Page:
MotionMark’s test harness contains three components:
  1. The animation loop
  2. The stage
  3. A controller that adjusts the difficulty of the test
The animation loop uses requestAnimationFrame() to animate the scene. Measurement of the frame rate is done by taking the difference in frame timestamps using performance.now().
For each frame in the animation loop, the harness lets the test animate a scene with a specified number of rendering elements. That number is called the complexity of the scene. Each element represents roughly the same amount of work, but may vary slightly in size, shape, or color. For example, the “Suits” test renders SVG rects with a gradient fill and a clip, but each rect’s gradient is different, its clip is one of four shapes, and its size varies within a narrow range.
The stage contains the animating scene, and its size depends on the window’s dimensions. The harness classifies the dimensions into one of three sizes:
  • Small: 568 x 320, targeting mobile phones
  • Medium: 900 x 600, targeting tablets and laptops
  • Large: 1600 x 800, targeting desktops
The controller has two responsibilities. First, it monitors the frame rate and adjusts the scene complexity by adding or removing elements based on this data. Second, it reports the score to the benchmark when the test concludes.
MotionMark uses this harness for each test in the suite, and takes the geometric mean of the tests’ scores to report a single score for the run.
The Development of MotionMark
The architectural modularity of the benchmark made it possible for us to do rapid iteration during its development. For example, we could iterate over how we wanted the controller to adjust the complexity of the tests it was running.
Our initial attempts at writing a controller tried to arrive at the exact threshold, or change point, past which the system could not maintain 60 fps. For example, we tried having the controller perform a binary search for the right change point. The measurement noise inherent in testing graphics performance at the browser level required the controller to run for a long time, which did not meet one of our requirements for the benchmark. In another example, we programmed a feedback loop using a technique found in industrial control systems, but we found the results unstable on browsers that behaved differently when put under stress (for example dropping from 60 fps directly down to 30 fps).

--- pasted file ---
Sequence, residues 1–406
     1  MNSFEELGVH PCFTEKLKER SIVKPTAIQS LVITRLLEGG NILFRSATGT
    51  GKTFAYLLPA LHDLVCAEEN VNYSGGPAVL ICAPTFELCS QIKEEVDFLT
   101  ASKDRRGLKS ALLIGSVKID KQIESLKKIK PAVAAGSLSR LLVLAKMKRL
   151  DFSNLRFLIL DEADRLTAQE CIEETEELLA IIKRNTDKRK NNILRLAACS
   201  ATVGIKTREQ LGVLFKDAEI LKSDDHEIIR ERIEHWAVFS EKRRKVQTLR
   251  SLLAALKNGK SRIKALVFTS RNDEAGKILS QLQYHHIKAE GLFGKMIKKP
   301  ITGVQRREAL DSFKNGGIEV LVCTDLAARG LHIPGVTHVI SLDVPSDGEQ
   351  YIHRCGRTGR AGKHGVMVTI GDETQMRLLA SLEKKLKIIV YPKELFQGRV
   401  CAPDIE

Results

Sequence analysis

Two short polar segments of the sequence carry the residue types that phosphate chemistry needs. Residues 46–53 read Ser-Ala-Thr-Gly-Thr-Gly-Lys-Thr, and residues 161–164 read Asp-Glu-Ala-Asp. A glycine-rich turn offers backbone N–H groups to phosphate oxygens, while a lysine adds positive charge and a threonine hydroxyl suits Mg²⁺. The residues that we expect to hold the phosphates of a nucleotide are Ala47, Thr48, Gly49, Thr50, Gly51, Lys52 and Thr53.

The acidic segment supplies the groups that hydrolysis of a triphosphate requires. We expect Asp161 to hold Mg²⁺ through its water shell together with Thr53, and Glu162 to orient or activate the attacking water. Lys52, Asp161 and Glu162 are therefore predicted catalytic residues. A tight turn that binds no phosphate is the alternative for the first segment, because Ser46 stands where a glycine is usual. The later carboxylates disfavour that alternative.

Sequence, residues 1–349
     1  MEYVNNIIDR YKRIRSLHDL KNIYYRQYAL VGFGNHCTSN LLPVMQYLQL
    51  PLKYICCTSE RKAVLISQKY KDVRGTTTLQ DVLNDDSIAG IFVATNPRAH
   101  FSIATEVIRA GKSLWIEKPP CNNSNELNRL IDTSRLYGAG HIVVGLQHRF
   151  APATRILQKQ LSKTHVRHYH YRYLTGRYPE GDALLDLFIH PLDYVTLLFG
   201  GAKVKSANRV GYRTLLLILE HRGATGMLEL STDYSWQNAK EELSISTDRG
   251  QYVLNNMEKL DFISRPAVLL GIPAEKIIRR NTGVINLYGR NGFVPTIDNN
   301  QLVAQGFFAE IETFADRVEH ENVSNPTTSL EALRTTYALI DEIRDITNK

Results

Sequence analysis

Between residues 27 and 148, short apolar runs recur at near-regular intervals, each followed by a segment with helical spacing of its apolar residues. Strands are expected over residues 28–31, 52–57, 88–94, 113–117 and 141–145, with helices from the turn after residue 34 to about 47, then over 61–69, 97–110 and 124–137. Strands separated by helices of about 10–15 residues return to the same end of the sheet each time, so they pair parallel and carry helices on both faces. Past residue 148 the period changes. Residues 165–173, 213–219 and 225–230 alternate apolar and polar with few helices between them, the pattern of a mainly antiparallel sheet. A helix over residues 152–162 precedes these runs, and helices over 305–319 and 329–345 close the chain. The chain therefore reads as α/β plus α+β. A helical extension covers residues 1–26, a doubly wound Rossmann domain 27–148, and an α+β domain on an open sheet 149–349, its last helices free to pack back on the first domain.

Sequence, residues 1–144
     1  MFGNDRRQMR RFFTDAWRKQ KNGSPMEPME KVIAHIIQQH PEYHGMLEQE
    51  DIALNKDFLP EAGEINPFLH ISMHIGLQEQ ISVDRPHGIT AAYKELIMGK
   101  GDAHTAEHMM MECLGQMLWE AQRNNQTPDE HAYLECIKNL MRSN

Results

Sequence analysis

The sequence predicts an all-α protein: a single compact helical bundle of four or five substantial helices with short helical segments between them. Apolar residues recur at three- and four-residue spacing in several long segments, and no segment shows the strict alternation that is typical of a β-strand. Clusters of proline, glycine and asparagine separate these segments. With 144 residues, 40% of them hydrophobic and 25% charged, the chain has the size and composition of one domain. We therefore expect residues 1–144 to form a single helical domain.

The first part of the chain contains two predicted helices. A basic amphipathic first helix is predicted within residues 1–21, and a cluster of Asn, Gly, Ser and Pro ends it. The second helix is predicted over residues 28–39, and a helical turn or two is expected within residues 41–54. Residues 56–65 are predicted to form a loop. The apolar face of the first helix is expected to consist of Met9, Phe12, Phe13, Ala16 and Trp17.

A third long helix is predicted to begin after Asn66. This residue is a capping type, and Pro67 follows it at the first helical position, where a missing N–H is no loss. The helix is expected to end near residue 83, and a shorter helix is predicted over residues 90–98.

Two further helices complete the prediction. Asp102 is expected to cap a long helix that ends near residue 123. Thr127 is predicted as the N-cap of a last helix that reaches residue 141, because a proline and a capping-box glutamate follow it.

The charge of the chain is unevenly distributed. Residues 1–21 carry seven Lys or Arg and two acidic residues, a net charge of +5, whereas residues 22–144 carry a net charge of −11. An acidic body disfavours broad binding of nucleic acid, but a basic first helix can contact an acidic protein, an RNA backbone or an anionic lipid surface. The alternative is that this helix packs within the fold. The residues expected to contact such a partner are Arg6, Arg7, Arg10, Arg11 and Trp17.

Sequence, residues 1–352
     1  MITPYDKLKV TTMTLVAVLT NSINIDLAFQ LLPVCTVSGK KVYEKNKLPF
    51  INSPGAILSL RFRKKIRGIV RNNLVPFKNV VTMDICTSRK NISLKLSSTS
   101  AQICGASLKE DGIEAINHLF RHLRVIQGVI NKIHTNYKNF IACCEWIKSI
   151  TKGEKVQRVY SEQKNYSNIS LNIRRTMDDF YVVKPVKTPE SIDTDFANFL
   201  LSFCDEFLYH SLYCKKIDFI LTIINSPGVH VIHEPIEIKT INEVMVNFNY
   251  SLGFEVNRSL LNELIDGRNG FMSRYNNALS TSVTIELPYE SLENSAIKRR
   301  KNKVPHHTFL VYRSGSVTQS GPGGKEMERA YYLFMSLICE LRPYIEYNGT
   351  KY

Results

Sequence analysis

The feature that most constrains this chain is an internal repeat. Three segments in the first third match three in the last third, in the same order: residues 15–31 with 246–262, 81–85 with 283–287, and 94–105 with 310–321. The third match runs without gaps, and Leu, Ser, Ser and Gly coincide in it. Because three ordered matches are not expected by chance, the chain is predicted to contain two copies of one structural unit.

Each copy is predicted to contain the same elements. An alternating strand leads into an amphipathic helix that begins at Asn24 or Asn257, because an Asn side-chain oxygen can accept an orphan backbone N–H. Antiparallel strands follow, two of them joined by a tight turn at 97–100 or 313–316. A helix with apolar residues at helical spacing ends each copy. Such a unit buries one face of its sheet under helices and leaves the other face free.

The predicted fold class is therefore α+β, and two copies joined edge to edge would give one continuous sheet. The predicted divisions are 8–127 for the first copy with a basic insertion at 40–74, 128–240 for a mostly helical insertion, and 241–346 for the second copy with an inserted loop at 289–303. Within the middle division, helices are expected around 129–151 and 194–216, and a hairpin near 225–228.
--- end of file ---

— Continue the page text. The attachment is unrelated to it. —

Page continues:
So we changed our focus from writing a controller that found the change point at the test’s conclusion, to writing one that sampled a narrow range which was likely to contain the change point. From this we were able to get repeatable results within a relatively short period of time and on a variety of browser behaviors.
The controller used in MotionMark animates the scene in two stages. First, it finds an upper bound by exponentially increasing the scene’s complexity until it drops significantly below 60 fps. Second, it goes through a series of iterations, repeatedly starting at a high complexity and ending at a low complexity. Each iteration, called a ramp, crosses the change point, where the scene animates slower than 60 fps at the higher bound, and animates at 60 fps at the lower bound. With each ramp the controller tries to converge the bounds so that the test runs across the most relevant complexity range.
With the collected sample data the controller calculates a piecewise regression using least squares. This regression makes two assumptions about how increased complexity affects the browser. First, it assumes the browser animates at 60 fps up to the change point. Second, it assumes the frame rate either declines linearly or jumps to a lower rate when complexity increases past the change point. The test’s score is the change point. The score’s confidence interval is calculated using a method called bootstrapping.